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ASIC rejects calls for levy changes for advisers under limited licences

ASIC
Jotham Lian
03 July 2019 — 1 minute read

ASIC has responded to submissions suggesting that the levy for AFS licensees that provide personal advice should not apply to advisers with limited authorisations by stating that “any amendments to the model are a matter [of] government policy”.

In its latest Cost Recovery Implementation Statement (CRIS) for its Industry Funding Model (IFM) for 2018–19, ASIC said it was not able to make amendments to the model despite submissions from stakeholders who questioned its design.

One such submission was from Chartered Accountants Australia and New Zealand, which called for the levy for AFS licensees that provide personal advice to be waived or reduced for accountants with limited authorisations.

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In its response, the corporate regulator said the government had “undertaken extensive consultation to develop and refine the industry funding model” and that any “amendments to the model are a matter for government policy and will require legislative change”.

As it stands, Australian financial services licensees that provide personal advice to retail clients on relevant financial products will have to pay a minimum levy of $1,500 plus $907 per adviser.

However, ASIC said a review of the funding model could be on the cards in the near future.

“From time to time, ASIC and the Australian government will review the operation of the industry funding model and make amendments to the model,” ASIC said.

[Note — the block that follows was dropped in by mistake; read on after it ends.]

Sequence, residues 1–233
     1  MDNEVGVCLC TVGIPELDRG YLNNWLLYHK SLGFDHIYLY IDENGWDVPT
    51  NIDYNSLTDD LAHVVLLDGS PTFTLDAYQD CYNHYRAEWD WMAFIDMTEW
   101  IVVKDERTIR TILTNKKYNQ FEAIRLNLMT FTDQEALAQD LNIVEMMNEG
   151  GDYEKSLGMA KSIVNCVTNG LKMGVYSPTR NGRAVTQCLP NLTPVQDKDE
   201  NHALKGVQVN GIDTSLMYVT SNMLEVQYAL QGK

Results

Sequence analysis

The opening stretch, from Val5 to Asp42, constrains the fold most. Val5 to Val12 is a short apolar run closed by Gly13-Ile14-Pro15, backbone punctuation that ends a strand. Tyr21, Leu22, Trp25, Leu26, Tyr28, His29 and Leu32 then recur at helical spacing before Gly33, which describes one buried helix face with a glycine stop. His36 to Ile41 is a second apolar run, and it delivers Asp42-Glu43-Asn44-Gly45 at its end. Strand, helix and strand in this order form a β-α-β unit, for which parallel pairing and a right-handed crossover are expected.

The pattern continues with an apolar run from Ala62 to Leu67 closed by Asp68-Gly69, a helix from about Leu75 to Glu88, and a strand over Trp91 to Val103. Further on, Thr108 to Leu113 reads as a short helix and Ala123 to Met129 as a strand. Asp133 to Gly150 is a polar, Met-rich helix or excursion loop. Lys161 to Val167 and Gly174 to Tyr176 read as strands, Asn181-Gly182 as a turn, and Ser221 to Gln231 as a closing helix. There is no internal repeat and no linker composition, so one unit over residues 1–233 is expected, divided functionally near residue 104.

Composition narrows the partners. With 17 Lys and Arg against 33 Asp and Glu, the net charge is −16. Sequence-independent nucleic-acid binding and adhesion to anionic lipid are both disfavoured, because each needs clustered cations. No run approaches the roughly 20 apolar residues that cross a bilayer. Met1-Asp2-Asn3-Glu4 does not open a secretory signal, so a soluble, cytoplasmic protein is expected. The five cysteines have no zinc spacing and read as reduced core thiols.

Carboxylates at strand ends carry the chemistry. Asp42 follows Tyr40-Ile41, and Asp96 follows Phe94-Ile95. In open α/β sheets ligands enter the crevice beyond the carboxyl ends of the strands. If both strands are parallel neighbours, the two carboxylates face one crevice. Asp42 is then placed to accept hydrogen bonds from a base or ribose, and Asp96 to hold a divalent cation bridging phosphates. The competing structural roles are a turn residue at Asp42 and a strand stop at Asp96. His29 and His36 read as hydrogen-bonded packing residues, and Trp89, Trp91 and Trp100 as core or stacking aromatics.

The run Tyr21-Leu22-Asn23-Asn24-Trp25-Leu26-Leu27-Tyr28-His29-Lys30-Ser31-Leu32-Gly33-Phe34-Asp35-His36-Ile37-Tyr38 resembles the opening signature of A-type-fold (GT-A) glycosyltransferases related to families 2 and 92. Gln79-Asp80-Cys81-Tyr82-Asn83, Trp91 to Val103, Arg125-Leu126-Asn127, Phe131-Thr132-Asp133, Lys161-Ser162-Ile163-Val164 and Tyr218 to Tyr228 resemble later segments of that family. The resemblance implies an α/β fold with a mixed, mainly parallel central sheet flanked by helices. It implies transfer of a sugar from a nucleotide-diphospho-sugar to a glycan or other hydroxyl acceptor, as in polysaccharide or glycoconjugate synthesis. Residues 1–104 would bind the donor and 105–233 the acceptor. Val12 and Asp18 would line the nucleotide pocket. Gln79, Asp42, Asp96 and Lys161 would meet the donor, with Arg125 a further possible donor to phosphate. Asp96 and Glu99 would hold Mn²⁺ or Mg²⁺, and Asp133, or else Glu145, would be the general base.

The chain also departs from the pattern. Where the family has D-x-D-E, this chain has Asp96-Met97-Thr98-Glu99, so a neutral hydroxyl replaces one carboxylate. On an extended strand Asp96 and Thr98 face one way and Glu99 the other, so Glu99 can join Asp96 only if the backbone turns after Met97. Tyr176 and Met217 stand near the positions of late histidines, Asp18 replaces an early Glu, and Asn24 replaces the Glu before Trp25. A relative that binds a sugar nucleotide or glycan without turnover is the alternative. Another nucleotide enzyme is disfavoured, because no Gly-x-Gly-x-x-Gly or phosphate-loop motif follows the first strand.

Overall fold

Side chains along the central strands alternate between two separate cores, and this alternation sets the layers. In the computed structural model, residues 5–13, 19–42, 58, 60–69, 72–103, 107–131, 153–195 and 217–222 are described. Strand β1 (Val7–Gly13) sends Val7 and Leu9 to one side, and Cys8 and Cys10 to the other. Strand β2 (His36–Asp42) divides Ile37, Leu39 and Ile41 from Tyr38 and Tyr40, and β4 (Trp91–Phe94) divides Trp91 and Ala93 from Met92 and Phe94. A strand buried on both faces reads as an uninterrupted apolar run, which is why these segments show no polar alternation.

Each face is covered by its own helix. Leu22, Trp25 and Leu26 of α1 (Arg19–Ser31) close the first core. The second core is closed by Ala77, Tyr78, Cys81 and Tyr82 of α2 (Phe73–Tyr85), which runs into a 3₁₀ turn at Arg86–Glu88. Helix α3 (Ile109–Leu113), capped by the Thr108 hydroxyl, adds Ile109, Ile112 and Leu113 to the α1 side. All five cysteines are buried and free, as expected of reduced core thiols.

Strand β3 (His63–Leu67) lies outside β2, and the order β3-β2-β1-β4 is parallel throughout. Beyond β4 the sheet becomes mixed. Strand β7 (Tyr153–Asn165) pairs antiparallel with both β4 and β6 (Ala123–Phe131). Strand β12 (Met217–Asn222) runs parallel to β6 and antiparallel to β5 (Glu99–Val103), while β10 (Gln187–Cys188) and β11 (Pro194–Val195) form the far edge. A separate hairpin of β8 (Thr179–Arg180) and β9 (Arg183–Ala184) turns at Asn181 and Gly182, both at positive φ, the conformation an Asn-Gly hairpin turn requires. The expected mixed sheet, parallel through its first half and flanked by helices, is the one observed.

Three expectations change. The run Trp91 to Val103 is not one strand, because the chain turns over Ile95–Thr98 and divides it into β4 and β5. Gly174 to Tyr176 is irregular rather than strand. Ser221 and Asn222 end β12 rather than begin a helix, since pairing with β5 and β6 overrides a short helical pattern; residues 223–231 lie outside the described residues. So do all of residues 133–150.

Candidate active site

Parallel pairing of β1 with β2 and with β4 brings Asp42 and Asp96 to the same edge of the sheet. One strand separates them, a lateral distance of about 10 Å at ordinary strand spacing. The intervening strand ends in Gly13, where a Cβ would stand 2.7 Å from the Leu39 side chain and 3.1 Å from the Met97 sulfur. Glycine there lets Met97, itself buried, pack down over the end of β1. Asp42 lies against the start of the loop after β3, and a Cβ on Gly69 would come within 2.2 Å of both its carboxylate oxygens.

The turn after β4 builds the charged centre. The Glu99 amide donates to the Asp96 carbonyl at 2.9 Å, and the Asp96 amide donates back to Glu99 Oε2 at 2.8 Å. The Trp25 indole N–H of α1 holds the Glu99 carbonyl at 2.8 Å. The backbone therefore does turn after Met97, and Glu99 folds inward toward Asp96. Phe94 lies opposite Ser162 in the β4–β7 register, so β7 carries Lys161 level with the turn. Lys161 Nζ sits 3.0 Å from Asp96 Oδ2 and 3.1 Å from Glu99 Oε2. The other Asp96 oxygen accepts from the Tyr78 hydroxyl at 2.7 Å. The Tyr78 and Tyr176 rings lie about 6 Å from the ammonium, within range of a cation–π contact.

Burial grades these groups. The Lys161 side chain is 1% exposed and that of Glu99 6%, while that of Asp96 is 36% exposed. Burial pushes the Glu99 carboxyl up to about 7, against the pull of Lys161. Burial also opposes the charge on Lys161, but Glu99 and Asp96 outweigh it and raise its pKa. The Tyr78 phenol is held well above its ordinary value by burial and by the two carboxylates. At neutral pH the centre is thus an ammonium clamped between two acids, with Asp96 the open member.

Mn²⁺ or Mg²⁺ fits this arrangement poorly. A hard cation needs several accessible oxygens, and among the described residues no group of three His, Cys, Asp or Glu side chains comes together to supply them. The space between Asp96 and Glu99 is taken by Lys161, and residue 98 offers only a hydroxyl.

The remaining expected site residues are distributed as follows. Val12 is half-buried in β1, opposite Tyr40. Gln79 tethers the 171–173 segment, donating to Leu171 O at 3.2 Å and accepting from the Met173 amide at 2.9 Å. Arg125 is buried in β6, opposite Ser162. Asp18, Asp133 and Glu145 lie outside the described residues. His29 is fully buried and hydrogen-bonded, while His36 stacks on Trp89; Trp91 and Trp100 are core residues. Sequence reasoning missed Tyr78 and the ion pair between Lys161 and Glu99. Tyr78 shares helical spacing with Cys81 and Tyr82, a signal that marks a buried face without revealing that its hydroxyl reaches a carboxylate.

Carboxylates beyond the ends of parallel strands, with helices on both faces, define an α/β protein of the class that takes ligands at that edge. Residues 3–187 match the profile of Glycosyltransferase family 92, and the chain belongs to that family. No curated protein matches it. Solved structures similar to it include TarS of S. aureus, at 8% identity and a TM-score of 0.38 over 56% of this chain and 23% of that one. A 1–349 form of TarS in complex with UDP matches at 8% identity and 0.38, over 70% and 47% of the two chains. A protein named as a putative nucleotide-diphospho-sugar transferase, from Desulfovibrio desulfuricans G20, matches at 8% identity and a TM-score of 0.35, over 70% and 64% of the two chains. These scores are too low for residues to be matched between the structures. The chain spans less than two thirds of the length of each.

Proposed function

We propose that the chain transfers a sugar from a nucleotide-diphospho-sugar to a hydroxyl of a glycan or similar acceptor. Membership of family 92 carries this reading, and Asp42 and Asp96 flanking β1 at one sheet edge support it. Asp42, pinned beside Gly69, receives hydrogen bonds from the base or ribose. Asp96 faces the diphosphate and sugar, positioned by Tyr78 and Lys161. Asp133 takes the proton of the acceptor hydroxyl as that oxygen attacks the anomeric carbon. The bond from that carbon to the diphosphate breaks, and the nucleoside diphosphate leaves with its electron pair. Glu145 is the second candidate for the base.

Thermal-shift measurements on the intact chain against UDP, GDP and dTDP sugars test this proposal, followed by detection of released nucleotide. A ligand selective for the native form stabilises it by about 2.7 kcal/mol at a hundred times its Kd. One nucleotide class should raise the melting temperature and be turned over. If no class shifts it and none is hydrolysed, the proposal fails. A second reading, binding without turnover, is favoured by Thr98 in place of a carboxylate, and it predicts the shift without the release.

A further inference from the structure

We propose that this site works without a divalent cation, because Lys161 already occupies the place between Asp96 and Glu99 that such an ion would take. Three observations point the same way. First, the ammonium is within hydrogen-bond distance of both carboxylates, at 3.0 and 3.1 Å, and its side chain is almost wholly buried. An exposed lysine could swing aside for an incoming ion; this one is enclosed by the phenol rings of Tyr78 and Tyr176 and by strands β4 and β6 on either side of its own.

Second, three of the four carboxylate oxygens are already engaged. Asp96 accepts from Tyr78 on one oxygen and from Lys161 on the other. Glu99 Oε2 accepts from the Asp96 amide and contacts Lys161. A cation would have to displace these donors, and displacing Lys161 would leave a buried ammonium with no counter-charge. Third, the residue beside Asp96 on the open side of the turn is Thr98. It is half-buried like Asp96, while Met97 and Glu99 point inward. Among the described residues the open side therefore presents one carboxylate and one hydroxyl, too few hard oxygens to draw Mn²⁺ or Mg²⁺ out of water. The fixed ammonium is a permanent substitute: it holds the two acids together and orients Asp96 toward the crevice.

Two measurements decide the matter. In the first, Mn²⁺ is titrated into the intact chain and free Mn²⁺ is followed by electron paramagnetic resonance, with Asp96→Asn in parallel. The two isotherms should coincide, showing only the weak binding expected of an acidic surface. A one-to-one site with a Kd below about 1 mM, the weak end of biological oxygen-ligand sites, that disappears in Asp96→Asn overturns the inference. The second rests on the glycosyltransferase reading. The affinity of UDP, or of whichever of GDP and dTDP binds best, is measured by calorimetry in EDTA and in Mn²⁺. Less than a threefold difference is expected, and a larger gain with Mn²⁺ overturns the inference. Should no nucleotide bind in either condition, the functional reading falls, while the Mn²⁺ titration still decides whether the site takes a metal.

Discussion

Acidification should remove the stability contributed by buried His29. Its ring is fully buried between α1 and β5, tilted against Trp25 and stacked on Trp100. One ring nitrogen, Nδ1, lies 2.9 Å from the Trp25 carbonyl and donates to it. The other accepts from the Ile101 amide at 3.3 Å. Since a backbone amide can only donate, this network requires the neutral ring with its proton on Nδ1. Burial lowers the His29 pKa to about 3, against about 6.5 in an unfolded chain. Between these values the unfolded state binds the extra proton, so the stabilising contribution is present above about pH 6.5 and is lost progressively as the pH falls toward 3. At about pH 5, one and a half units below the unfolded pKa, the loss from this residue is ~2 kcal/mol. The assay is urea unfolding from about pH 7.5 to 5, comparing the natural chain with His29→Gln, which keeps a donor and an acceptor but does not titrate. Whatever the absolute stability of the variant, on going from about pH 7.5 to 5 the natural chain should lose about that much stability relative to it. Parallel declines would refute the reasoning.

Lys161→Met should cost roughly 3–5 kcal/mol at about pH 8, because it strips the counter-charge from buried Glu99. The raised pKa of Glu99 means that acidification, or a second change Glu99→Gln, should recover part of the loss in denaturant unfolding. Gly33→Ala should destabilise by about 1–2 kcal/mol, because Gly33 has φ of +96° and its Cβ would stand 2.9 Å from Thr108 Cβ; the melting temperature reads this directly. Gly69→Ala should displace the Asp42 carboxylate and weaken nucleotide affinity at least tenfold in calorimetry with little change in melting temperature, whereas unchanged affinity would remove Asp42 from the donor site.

“The submissions we have received on the CRIS will help inform this process.”

Increased funding

The corporate regulator was also forced to explain how the government’s promise of an additional $550 million in funding would affect the levies under the IFM.

“The additional funding for ASIC announced in March 2019 will be provided over a four-year period commencing in 2019–20,” ASIC said.

“The budgeted costs in this CRIS relate to our 2018–19 budget, which is not affected by the additional funding.

“Future versions of the CRIS will reflect the increased funding once appropriated and the amount that will be recovered in each subsector in the relevant period.”

‘Likely to leave the industry’

ASIC’s latest position will bring little joy to the industry, with CA ANZ warning in its submission that accountants were likely to leave the advice space due to a number of rising costs, including the need to comply with the Financial Adviser Standards & Ethics Authority’s education reforms.

“Many of our members have told us that they have serious concerns about the new standards, and will likely leave the financial advice industry if they are required to do further study,” CA ANZ said.

“They are further disincentivised to remain in the financial advice space by the industry funding levies.

“Furthermore, chartered accountants who elect to remain will have little choice but to pass on their increased costs to their clients, which is again at odds with the government’s objective of making quality financial advice accessible for all Australians.”

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ASIC rejects calls for levy changes for advisers under limited licences
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